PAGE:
The Problem with Christus Victor

This Resurrection Sunday I will be preaching on Luke’s account of the resurrection (Luke 24:1-53).  In my study of this passage I have noticed that the most prominent theme that emerges is the necessity of Jesus’ death and resurrection.  This event was foretold by the Scriptures and by Jesus himself.  This was God’s plan.  This was the way it had to be.  It could not have happened any other way.

The necessity of Jesus’ death and resurrection is set in contrast to the preconceived notions (and consequent faulty expectations) of the women, of the eleven, and of the rest of the disciples (including the two on the road to Emmaus).  All of these groups expected Jesus to stay dead.  The women carried spices to the tomb, expecting to find a dead body and finish the task of proper burial.  The eleven (and the others with them) heard the report from the women and thought they were just being hysterical.  Even Peter, having seen the empty tomb for himself, did not come to a full understanding of what had happened.  And the two on the road to Emmaus revealed their unbelief when talking to the stranger about Jesus of Nazareth, saying, “We had hoped that he was the one to redeem Israel.”  The implication is that, of course, now that he has been crucified, that hope is gone.

God planned it this way from eternity.  The Scriptures foretold it.  Jesus himself predicted it.  How could those who followed Jesus be so dull?  How could the truth have gone completely over their heads?  They missed the truth because their presuppositions were faulty.  They expected a conqueror who would overthrow the Romans.  What they got was a suffering servant, a sacrifice for their own sins.  They conceived of redemption in nationalistic categories, categories that cast Israel in the role of victim in need of liberation from the oppressor.  But the more fundamental truth about their need is that they were sinners alienated from God and under the threat of his coming judgment.  They expected a Christus Victor, but what they got was true atonement.  And they weren’t ready for that. 

Christus Victor is a biblical theme.  I cannot deny that, nor do I want to deny it.  Jesus Christ has defeated the devil and his forces by means of his death resurrection.  He has disarmed the strong man and liberated his people.  But he has done so precisely by putting away their sins.  And if Christus Victor depends on the putting away of sins, then it cannot itself be the means by which sins are put away.  Sins are wiped away by means of a blood sacrifice that pays the penalty for sin.  God’s righteous decree demands death for sin, and by sentencing his innocent Son to death, God’s justice has been upheld even as he acquits those who deserve death.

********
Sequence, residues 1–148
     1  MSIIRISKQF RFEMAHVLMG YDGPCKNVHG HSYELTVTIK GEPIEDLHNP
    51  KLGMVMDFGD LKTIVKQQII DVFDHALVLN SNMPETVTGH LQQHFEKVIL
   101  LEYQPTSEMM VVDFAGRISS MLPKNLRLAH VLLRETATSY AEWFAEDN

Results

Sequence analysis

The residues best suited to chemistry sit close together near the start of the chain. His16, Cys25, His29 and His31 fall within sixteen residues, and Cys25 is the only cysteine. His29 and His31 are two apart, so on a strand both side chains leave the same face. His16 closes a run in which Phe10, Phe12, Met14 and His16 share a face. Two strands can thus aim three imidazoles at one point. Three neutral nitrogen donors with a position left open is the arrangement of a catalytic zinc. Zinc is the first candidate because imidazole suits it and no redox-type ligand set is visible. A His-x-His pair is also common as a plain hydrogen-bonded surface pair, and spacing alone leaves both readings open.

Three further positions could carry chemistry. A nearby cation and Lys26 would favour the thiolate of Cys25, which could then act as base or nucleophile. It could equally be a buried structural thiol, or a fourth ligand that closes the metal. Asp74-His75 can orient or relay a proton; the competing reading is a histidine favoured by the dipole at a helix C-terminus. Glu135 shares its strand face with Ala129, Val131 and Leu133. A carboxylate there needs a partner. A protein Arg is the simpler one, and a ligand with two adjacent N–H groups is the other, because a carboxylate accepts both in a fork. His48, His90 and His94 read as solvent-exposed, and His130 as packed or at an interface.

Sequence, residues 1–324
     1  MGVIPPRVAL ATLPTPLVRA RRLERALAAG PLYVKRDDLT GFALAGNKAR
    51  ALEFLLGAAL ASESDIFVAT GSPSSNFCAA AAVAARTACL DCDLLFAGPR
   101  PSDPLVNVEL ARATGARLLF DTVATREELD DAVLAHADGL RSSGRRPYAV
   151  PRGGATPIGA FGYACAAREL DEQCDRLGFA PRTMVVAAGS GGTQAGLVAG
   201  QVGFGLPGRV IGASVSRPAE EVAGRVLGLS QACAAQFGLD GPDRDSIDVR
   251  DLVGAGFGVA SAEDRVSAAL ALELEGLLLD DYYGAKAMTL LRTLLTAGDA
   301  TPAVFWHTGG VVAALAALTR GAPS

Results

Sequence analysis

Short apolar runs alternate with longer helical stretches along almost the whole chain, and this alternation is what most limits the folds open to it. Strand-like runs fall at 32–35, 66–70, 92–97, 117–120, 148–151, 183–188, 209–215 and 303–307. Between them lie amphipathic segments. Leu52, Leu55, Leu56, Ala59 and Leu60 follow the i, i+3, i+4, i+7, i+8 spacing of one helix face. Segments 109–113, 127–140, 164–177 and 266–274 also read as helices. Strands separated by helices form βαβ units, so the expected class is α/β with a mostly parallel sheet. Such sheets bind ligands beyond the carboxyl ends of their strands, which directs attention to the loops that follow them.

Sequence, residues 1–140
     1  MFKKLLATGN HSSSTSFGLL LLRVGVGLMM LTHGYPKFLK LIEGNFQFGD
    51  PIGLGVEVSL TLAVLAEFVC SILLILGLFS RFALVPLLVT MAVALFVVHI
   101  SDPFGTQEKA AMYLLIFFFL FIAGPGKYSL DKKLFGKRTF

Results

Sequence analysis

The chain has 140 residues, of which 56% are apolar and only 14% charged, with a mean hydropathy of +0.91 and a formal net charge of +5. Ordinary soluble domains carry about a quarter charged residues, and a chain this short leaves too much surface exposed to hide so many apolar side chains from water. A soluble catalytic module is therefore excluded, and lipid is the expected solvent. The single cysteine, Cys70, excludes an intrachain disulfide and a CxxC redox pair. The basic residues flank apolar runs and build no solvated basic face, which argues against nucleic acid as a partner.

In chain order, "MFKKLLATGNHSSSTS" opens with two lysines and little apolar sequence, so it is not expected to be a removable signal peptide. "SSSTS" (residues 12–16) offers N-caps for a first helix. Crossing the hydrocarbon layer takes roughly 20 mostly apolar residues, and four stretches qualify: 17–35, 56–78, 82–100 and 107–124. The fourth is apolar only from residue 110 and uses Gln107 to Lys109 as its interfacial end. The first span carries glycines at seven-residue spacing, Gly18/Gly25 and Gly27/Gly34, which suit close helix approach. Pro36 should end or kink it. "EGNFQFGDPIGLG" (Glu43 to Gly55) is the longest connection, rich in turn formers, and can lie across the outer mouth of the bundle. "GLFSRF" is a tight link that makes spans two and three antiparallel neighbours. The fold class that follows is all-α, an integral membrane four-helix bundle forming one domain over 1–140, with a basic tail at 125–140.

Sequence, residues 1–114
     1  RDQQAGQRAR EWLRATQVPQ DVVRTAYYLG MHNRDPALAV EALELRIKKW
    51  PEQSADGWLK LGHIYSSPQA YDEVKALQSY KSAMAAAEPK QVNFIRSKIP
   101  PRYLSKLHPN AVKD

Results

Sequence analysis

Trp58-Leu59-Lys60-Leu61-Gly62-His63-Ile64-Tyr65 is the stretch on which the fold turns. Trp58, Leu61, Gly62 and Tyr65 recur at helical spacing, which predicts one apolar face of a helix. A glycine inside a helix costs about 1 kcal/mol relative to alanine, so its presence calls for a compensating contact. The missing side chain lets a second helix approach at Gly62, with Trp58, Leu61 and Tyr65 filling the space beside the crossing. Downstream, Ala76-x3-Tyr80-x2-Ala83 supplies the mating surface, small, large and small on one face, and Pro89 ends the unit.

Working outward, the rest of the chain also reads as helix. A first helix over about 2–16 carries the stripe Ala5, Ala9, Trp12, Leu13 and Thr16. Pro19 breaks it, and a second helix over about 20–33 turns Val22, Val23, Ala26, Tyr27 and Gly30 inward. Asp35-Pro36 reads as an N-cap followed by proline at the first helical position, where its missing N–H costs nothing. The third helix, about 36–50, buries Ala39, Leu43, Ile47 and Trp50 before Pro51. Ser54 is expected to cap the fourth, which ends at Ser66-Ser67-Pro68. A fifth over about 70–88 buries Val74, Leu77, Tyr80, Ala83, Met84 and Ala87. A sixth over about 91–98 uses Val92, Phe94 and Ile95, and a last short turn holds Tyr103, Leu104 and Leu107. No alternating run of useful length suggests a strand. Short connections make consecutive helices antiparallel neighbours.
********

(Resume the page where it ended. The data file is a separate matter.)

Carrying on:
The gospel addresses us primarily as sinners, not as victims.  The women and the disciples had that reversed, and they missed the truth as a result.  They conceived of redemption primarily as the change of a social/political situation.  They minimized their own need for forgiveness and thus had no categories for a suffering messiah. 

My concern is that leftist evangelicals are doing the same thing today.  Their primary concerns do not relate to the problem that God stands against us in his wrath.  They tend to see our deepest problem as a social/political problem in which evil has invaded God’s good creation, and God is the primary protagonist standing on our side to fight the battle and overcome it.  Redemption is viewed primarily as the liberation of victims.  It is no surprise that Christus Victor is the atonement theory of choice, generally speaking, for this side of the spectrum.  But this is a truncated gospel because it does not address the fundamental problem: we have offended God and now stand under his wrath.  We need more than a liberator.  We need a sacrifice, a mediator, a substitute, a ransom.  If it is not tethered to a robust doctrine of penal substitution, Christus Victor is just another variation of the faulty presupposition that made Jesus’ followers unable to see the truth about Easter.

If we do not see ourselves primarily as sinners in need of forgiveness, we will not grasp the gospel.  If we do not relinquish the desire to justify ourselves, we will never receive the divine verdict of justification.  May God give us all a deeper sense of our sin and a deeper love for the gospel this Sunday.

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2 Responses to “The Problem with Christus Victor”

  1. luke smith Says:

    Hello Aaron,
    I think you might ought to read some of these people…you don’t present them very accurately.

    Luke Smith

  2. fenderpooh Says:

    Hey Luke! Long time no see.

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